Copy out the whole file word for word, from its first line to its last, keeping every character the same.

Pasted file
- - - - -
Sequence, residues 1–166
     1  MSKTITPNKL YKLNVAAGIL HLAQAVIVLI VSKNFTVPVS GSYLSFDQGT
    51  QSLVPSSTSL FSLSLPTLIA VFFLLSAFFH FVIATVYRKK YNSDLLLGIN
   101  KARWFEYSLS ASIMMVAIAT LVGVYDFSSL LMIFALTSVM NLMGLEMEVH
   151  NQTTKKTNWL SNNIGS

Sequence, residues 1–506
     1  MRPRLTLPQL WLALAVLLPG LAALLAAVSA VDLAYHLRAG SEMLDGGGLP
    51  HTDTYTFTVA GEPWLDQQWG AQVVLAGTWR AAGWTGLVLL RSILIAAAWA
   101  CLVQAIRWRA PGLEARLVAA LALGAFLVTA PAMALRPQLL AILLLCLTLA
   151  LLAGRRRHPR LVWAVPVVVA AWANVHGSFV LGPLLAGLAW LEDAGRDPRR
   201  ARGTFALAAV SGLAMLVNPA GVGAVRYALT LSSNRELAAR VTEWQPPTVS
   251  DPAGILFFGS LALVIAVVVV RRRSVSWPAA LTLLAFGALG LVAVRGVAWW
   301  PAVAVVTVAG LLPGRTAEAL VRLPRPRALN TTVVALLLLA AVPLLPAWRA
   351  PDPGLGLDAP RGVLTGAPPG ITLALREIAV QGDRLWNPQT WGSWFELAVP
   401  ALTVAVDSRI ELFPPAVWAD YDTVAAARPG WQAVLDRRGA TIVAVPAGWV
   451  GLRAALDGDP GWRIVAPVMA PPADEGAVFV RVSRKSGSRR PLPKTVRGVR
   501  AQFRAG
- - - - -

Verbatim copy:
Sequence, residues 1–166
     1  MSKTITPNKL YKLNVAAGIL HLAQAVIVLI VSKNFTVPVS GSYLSFDQGT
    51  QSLVPSSTSL FSLSLPTLIA VFFLLSAFFH FVIATVYRKK YNSDLLLGIN
   101  KARWFEYSLS ASIMMVAIAT LVGVYDFSSL LMIFALTSVM NLMGLEMEVH
   151  NQTTKKTNWL SNNIGS

Sequence, residues 1–506
     1  MRPRLTLPQL WLALAVLLPG LAALLAAVSA VDLAYHLRAG SEMLDGGGLP
    51  HTDTYTFTVA GEPWLDQQWG AQVVLAGTWR AAGWTGLVLL RSILIAAAWA
   101  CLVQAIRWRA PGLEARLVAA LALGAFLVTA PAMALRPQLL AILLLCLTLA
   151  LLAGRRRHPR LVWAVPVVVA AWANVHGSFV LGPLLAGLAW LEDAGRDPRR
   201  ARGTFALAAV SGLAMLVNPA GVGAVRYALT LSSNRELAAR VTEWQPPTVS
   251  DPAGILFFGS LALVIAVVVV RRRSVSWPAA LTLLAFGALG LVAVRGVAWW
   301  PAVAVVTVAG LLPGRTAEAL VRLPRPRALN TTVVALLLLA AVPLLPAWRA
   351  PDPGLGLDAP RGVLTGAPPG ITLALREIAV QGDRLWNPQT WGSWFELAVP
   401  ALTVAVDSRI ELFPPAVWAD YDTVAAARPG WQAVLDRRGA TIVAVPAGWV
   451  GLRAALDGDP GWRIVAPVMA PPADEGAVFV RVSRKSGSRR PLPKTVRGVR
   501  AQFRAG